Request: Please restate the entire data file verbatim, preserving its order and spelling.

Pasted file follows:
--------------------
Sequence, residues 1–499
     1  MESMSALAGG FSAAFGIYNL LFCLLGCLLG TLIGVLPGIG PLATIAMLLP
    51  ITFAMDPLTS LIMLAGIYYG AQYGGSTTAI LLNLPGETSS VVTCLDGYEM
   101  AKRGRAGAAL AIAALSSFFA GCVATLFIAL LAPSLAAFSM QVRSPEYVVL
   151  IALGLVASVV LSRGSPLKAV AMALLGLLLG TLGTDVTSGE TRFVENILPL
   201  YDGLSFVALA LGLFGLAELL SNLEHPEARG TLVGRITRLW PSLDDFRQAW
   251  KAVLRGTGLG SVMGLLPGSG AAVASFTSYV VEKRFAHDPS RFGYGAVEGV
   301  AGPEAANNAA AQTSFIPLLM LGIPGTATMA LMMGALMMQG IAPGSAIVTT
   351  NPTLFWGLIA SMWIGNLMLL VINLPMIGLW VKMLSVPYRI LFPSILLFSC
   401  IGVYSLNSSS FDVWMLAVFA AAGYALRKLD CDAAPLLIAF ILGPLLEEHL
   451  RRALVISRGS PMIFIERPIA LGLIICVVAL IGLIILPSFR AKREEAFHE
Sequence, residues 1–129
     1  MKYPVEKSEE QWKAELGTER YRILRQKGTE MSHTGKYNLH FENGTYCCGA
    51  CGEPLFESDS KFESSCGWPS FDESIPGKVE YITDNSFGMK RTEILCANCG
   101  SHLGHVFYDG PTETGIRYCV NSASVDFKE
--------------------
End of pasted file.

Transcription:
Sequence, residues 1–499
     1  MESMSALAGG FSAAFGIYNL LFCLLGCLLG TLIGVLPGIG PLATIAMLLP
    51  ITFAMDPLTS LIMLAGIYYG AQYGGSTTAI LLNLPGETSS VVTCLDGYEM
   101  AKRGRAGAAL AIAALSSFFA GCVATLFIAL LAPSLAAFSM QVRSPEYVVL
   151  IALGLVASVV LSRGSPLKAV AMALLGLLLG TLGTDVTSGE TRFVENILPL
   201  YDGLSFVALA LGLFGLAELL SNLEHPEARG TLVGRITRLW PSLDDFRQAW
   251  KAVLRGTGLG SVMGLLPGSG AAVASFTSYV VEKRFAHDPS RFGYGAVEGV
   301  AGPEAANNAA AQTSFIPLLM LGIPGTATMA LMMGALMMQG IAPGSAIVTT
   351  NPTLFWGLIA SMWIGNLMLL VINLPMIGLW VKMLSVPYRI LFPSILLFSC
   401  IGVYSLNSSS FDVWMLAVFA AAGYALRKLD CDAAPLLIAF ILGPLLEEHL
   451  RRALVISRGS PMIFIERPIA LGLIICVVAL IGLIILPSFR AKREEAFHE
Sequence, residues 1–129
     1  MKYPVEKSEE QWKAELGTER YRILRQKGTE MSHTGKYNLH FENGTYCCGA
    51  CGEPLFESDS KFESSCGWPS FDESIPGKVE YITDNSFGMK RTEILCANCG
   101  SHLGHVFYDG PTETGIRYCV NSASVDFKE